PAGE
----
If you preach it, practice it
If you preach it, practice it
When I was first considering the career jump to Change Management I was told, “You can apply change management to basically anything, professional or personal. When you start to think about it, change management is in everything we do”. I remember thinking, ‘Okay cool, great sales pitch, change management is super, got it’. I continued to explore options, chat with people in the industry, hear about their experiences and did this thing we all do when wanting to find out information and ‘googled’ it. It was then that I decided yes, in fact Change Management does sound very cool.
I spoke to my executives at the time about wanting this change, which they supported, then I took the leap and dived headfirst into the deep end of my first change role on a whole of Federal Government initiative (which was also my first consulting job) – nothing major, just a minor shift (please note the sarcasm). Anyone who knows me, knows I cannot swim well. I’m a hold my nose while I jump in the pool, doggy paddle kind of gal. However, with the support from those on the project, I was able to keep my head above water, build my resilience, develop core skills and I grew my career/became a stronger swimmer because of it.
I think there is something notable in comparing a career journey to swimming. Some people will stay in their own lane, continually striving towards personal bests. Some actively seek out team environments like relay challenges. Some splash around thinking they’re really talented but just cause a scene frustrating people around them. Others become swim teachers, sharing knowledge in how to best survive the water and achieve goals. And some just float around not really having any direction but are okay going with the flow. There’s some seriousness that can be taken from Dory’s advice and no matter what kind of swimmer/journey you’re on, “just keep swimming, swimming, swimming”.
A year later and a lot (I mean A LOT) of learnt lessons, I had somewhat found my groove, improved my strokes and could call myself a changie. I also found myself in the quandary of potentially joining a new firm, Parbery. This had me pondering that all important question that is thrown at us at such a young age and way too often for my liking of “What do you want to be when you grow up”? Uhhhh, happy?! But actually – after a year as a changie, am I going to pursue it? Yes. Then basically my two options were, I could keep doggy paddling, slowly working my way to the deep end in the company I was comfortable with, or I could do one big kick, pushing myself and moving out of my comfort zone – I thought about this choice for a long time.
One, two, three – kick!
Once my decision to move was made, I came back to that first insight I was given and applied the change management experience I had gained to my impending move. My ‘business case’ or scope was simple really, ‘how can I make this change to a new company successful?’
I came up with a plan of how I was going to navigate the waters which involved transitioning out of my current state and moving into my future state. I analysed the impacts this change would have and strategised how to realise the benefits that came with my choice to move. I developed a timeline and schedule of activities that would need to take place to make this transition smooth. Signing the contract, start date, notice period, hand-over etc. A much-needed sun filled holiday with crystal clear waters (you know, all the essentials).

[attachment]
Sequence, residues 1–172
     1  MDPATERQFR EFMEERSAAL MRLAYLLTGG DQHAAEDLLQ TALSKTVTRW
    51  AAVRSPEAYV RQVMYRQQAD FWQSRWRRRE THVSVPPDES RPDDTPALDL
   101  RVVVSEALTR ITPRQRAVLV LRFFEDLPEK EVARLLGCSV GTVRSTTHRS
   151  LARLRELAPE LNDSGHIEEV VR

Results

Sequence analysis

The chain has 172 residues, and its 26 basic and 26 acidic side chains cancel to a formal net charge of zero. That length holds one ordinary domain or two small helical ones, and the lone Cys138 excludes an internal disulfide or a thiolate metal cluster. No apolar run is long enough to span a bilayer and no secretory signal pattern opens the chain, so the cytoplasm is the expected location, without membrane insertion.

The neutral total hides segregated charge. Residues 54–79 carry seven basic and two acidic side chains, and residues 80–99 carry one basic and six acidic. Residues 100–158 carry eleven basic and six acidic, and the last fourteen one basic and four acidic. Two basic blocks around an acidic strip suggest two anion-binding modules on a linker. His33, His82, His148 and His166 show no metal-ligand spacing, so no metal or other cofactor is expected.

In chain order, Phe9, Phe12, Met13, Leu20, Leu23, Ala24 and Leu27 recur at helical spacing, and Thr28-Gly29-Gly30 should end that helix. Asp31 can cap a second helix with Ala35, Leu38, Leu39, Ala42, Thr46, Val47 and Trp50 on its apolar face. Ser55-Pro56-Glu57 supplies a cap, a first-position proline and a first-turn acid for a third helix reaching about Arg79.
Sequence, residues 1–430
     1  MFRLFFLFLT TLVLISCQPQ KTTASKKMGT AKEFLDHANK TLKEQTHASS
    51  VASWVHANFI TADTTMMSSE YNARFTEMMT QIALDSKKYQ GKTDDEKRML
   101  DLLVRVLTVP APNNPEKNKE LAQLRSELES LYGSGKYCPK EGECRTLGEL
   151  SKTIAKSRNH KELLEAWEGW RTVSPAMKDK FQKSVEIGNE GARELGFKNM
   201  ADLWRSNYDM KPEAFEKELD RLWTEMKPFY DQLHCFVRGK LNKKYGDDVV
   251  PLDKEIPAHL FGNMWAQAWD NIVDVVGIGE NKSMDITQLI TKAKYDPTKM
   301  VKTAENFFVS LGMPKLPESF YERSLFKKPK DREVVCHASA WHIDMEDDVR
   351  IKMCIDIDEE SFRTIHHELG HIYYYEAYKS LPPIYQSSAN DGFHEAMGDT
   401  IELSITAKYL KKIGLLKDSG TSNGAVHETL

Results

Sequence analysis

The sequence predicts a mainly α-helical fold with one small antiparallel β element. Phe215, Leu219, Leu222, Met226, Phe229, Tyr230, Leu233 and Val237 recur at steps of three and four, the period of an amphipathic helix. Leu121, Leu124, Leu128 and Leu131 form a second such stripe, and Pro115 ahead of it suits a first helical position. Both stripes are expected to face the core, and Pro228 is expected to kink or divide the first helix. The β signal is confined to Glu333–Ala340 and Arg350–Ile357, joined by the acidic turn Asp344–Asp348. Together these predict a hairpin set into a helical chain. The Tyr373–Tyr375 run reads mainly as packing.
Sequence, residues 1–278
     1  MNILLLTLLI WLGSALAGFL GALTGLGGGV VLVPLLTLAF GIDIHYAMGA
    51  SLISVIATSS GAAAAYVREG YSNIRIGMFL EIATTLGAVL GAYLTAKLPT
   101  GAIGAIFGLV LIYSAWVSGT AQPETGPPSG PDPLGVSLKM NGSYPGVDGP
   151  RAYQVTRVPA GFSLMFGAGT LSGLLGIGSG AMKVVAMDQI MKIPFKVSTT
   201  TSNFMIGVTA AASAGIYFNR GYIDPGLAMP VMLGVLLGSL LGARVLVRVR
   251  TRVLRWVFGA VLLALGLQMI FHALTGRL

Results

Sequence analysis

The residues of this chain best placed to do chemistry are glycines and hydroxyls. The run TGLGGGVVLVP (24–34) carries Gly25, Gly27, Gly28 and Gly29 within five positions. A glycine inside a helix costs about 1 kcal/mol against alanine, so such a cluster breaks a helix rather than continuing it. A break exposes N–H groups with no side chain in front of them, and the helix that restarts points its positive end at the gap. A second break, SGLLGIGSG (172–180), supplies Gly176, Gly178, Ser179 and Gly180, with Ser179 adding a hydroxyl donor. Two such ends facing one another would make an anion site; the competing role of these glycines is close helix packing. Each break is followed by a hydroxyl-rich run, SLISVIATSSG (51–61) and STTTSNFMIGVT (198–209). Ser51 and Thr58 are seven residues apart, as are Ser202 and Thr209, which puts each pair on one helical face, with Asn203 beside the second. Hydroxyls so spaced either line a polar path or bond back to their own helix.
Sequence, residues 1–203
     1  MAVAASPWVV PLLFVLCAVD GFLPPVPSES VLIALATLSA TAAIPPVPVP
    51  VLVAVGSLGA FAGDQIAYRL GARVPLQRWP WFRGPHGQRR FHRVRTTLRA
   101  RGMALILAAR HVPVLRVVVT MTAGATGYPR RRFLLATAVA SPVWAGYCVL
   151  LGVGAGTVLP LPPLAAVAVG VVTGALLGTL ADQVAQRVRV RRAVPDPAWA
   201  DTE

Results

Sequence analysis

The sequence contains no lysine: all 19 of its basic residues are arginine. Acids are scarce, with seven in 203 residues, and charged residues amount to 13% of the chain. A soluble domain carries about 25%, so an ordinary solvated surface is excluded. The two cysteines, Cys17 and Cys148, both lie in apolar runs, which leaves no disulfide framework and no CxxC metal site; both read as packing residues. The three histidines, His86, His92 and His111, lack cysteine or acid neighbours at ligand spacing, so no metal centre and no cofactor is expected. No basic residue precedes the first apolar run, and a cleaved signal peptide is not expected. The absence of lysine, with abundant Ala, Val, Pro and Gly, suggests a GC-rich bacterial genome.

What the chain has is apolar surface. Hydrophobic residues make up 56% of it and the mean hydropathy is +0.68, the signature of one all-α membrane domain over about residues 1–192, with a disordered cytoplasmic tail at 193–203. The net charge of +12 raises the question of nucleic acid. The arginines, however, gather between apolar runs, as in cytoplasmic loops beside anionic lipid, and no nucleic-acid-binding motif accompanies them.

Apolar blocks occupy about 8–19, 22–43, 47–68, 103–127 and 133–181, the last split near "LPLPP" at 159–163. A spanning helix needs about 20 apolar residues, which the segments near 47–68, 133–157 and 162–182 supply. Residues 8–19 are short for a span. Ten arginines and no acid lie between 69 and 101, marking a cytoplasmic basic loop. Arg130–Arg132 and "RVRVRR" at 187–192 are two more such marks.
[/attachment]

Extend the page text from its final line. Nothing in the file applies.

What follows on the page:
There were communications that needed to occur in a strategic way informing people and the two companies of my decision. Canberra is a small place, and no one wants to burn bridges. I evaluated the stakeholders who this change was going to affect. And big surprise, the key stakeholder was me. Conveniently, I know myself pretty well. I came up with strategies that would support the transition and ease those first day (go-live) jitters. I held my breath and put it all into action.
While I didn’t put together a pretty PowerPoint that pulled all of this together, the details were running through my brain for weeks.
Change management is a whole lot more than what I’ve just described. Though breaking it down simplistically I guess that very first piece of advice I was given was right. Aspects of change management can be applied to almost anything we do. Parts of my personal change aligned with that of the processes we would implement in the professional world. Right from the decision-making process through to turning up at the new company, Change Management was at play. I scoped the scale and complexity of the change. Analysed the impacts the change would have. Assessed how ready I was for the change. Evaluated the stakeholders. Measured the benefits. Developed strategies and tools that would make this change successful.
Almost a year later, and after a quick evaluation of the change to Parbery, I can confidently say I made the right choice. The people here are warm and friendly, accepting me easily. There’s interesting Government projects and exciting internal business developments in progress that will create opportunities for me to be able to grow. Their sustainable business growth plan and core values align to my personal beliefs. And my career journey and how I would like to get to my goals are always at play. So, I guess you could say that this was a successful change project. Ohhh and that my swimming is becoming stronger every day.
Change and transformation at Parbery